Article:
A small log cabin on Meeting House Lane served as the first church. The site is marked today by a monument that lists the early members of the parish, “The Men of Kent,” and by gravestones from the 17th century. The Men of Kent Cemetery is Scituate’s oldest and most historically significant cemetery. It was established in 1624, and the earliest legible gravestone is from 1694. Most of the slate markers are still in good condition. http://www.firstparishscituate.org/history-of-first-parish.htm https://www.findagrave.com/cemetery/91222/men-of-kent-cemetery
Sacrament Rock – Marker Commemorating the First Communion held at Barnstable upon the Rev. John Lothrop’s arrival. The marker has been rebuilt out of fragments of the boulder that stood at the location of one of the first religious services. The pewter communion service that was used (brought by Rev. Lothrop from England in 1634) is still in existence. It was used monthly at the West Parish Church until 1993, when deterioration led it to be removed from use and put into safe keeping. https://www.findagrave.com/memorial/7518784/john-lothrop
Constructed in 1644 for the Rev. John Lothrop, founder of Barnstable, the house which forms the original part of the Library is the oldest Library building in the United States. The building is also one of the oldest houses remaining on Cape Cod. Since Rev. Lothrop used the front room of the house for public worship, another distinction of the Sturgis Library is that it is the oldest structure still standing in America where religious services were regularly held. This room, now called “The Lothrop Room,” with its beamed ceiling and pumpkin-colored wide-board floors, retains the quintessential early character of authentic Cape Cod houses. Rev. Lothrop’s bible, with handwritten repairs to the pages, is on display in this room. On 25 Feb. 1782, William Sturgis, a direct descendant of Rev. Lothrop, was born in this house. Photo by C J Gunther. http://www.sturgislibrary.org/history/history-of-the-library/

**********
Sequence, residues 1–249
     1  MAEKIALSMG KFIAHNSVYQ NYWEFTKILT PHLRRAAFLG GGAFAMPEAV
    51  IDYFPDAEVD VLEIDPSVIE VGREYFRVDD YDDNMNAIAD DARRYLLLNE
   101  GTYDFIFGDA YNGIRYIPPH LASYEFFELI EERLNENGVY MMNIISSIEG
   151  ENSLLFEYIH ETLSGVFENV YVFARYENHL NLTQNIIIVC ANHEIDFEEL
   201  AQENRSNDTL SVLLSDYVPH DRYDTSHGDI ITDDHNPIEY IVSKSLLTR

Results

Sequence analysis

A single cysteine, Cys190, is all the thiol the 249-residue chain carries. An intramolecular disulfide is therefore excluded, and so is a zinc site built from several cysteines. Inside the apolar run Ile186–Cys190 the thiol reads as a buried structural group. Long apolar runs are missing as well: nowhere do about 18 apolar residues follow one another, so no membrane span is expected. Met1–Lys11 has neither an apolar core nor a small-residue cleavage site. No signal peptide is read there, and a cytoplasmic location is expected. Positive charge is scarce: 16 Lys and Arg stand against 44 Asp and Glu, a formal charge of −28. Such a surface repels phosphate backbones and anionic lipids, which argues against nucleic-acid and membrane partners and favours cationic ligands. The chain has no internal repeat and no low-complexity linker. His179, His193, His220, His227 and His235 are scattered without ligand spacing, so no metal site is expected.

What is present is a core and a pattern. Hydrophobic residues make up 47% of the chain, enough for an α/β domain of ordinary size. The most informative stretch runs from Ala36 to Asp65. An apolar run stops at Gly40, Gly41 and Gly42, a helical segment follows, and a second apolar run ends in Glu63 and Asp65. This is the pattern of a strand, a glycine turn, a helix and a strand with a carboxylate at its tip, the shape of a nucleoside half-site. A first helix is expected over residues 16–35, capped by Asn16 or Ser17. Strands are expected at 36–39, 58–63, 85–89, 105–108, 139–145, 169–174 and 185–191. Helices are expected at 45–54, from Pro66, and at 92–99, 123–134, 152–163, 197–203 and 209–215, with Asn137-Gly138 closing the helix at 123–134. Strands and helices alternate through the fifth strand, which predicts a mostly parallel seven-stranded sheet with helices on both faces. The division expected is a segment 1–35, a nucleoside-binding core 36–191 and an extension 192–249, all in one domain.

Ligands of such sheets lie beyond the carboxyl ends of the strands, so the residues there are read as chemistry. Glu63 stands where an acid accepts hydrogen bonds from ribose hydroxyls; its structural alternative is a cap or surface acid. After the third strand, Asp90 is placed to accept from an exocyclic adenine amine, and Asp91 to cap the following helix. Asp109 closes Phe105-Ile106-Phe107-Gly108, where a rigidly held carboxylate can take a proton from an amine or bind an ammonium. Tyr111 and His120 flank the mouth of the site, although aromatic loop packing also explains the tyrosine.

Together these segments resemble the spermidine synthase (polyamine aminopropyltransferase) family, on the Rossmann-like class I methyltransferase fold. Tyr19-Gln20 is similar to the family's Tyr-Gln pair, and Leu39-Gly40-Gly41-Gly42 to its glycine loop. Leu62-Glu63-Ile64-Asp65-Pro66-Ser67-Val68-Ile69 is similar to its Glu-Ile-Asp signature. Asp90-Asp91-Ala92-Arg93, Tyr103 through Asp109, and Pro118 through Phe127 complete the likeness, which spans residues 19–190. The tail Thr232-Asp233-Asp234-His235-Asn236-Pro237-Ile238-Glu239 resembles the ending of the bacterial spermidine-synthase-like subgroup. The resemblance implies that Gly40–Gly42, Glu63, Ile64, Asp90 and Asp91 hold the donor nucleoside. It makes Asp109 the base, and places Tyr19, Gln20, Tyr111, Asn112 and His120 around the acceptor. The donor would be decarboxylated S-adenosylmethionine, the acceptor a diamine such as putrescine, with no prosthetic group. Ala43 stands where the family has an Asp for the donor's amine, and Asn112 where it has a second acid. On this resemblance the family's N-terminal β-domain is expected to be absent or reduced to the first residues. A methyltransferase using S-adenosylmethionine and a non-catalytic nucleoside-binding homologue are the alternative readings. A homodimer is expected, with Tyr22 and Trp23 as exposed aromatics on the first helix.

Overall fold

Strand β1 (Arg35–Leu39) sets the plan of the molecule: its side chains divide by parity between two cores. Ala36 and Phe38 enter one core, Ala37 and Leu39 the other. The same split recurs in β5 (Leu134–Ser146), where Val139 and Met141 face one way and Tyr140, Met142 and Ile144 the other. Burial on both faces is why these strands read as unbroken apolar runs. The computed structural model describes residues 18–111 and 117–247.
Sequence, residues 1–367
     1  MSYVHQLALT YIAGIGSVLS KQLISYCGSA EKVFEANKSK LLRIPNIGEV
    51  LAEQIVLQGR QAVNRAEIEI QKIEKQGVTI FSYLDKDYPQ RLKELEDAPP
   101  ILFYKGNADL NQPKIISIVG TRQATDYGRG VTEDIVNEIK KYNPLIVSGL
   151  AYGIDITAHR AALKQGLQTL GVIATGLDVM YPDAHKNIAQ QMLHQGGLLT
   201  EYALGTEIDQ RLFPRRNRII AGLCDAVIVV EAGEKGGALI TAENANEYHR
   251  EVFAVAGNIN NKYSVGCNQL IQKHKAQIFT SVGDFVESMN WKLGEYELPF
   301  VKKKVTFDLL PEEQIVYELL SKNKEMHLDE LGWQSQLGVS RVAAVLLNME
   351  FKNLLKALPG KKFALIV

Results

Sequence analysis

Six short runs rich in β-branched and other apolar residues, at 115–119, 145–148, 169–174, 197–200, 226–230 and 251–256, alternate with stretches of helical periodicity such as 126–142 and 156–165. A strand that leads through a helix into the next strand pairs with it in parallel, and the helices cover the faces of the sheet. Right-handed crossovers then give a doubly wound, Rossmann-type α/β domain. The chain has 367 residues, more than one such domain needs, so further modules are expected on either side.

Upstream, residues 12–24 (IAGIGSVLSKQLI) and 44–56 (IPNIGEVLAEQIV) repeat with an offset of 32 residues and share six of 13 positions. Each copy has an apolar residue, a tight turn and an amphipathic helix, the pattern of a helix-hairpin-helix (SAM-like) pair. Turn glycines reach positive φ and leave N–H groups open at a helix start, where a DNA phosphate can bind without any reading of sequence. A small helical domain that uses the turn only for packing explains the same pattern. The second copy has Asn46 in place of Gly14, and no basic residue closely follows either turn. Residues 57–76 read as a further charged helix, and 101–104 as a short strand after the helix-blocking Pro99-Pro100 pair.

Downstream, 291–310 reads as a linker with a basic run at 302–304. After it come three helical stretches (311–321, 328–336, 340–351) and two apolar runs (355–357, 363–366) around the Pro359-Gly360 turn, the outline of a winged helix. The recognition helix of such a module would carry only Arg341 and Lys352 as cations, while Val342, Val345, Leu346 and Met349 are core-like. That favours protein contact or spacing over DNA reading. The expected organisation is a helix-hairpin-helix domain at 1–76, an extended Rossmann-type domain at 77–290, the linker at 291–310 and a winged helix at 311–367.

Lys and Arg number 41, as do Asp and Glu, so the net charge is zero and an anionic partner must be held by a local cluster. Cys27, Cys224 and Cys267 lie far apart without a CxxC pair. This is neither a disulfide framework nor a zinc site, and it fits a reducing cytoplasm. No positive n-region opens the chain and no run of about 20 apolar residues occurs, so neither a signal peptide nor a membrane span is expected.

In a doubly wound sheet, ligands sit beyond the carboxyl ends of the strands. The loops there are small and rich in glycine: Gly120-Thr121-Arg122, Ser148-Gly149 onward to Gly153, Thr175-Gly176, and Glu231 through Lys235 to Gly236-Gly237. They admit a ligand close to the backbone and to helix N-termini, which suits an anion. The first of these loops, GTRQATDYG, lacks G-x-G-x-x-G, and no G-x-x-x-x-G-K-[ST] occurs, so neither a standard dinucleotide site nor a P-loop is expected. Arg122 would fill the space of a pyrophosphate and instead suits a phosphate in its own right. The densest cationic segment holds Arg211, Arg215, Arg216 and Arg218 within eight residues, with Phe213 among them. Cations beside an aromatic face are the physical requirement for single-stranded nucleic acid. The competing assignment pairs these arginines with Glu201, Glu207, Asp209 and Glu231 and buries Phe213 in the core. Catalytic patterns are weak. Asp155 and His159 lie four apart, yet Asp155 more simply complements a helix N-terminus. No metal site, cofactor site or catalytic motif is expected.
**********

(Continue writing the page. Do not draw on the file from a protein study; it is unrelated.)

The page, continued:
Lothrop Hill Cemetery, 2801 Main Street, Barnstable, Barnstable County, Massachusetts https://www.findagrave.com/cemetery/91192/lothrop-hill-cemetery#view-photo=40639714
Tombstone of Capt. Joseph Lothrop, Son of Rev. John Lothrop, and great grandfather of Reliance and Elizabeth Dennes Paschall. Born 11 April 1624 in the Greater London, England, died 11 December 1702 in Barnstable, Barnstable Co., MA, and was buried in the Lothrop Hill Cemetery in Barnstable, Barnstable Co., MA. https://www.findagrave.com/memorial/34365543/joseph-lothrop
“Captain Joseph, born in 1624, married Mary Ansell, 11 Dec 1650. He settled in Barnstable, was made freeman 8 June 1655, was selectman of the town 21 years, and its Deputy to the General Court of Massachusetts 15 years. He was Registrar of the County Probate Court and was Constable, Lieutenant and Captain. History speaks of him as a “Conspicuous member of the Council of war” in 1676. He and his brother Barnabas were commissioned to hold select courts in Barnstable in 1679. In the inventory of the estate of Joseph Lothrop are reported 27 volumes of law books and 43 volumes of classic and sermon books.”5
This portrait has been mistaken to be the portrait of Rev. John Lothrop, (1584-1653), the original American ancestor. It is in fact the portrait of Rev. John Lothrop, (1740-1816), the great-great grandson of Rev. John. The younger Rev. John served as minister of the Second Church, Boston, 1768-1816, when it was located in the North End—first on North Square, and after 1779, on Hanover Street. In 1776, during the British occupation of Boston, the Second Church was burnt for firewood by British soldiers. Lathrop was considered a patriot. He was the second cousin twice removed of Reliance and Elizabeth Dennes Paschal. https://en.wikipedia.org/wiki/John_Lathrop_(American_minister)
1 Research by Clarence McDaniel
2 Edward Crowell married Mary Lothrop on 16 January 1673 in Barnstable, Massachusetts. Source: Town and City Clerks of Massachusetts. Massachusetts Vital and Town Records. Provo, UT: Holbrook Research Institute (Jay and Delene Holbrook). After Edward died, the (Widow) Mary Crowell married Samuel Dennes on 14 April 1689 in Woodbridge, New Jersey. Source: Clemens, William Montgomery. American Marriage Records Before 1699. Pompton Lakes, NJ, USA: Biblio Co., 1926.
3 New Jersey, Abstract of Wills, Volume XXIII, Abstracts of Wills, 1670-1730, Dennes, Samuel, Page 134
4 A genealogical memoir of the Lo-Lathrop family in this country: embracing the descendants, as far as known, of The Rev. John Lothropp, of Scituate and Barnstable, Mass, and Mark Lothrop, of Salem and Bridgewater, Mass, and The first generation of descendants of other names. By the Rev. E. B. Huntington, A. M. Copyright, 1884, by Julia M. Huntington. Ridgefield, Conn.
5 Coe, Sophia Fidelia Hall. “Memoranda Relating to the Ancestry and Family of Sophia Fidelia Hall”, Forgotten Books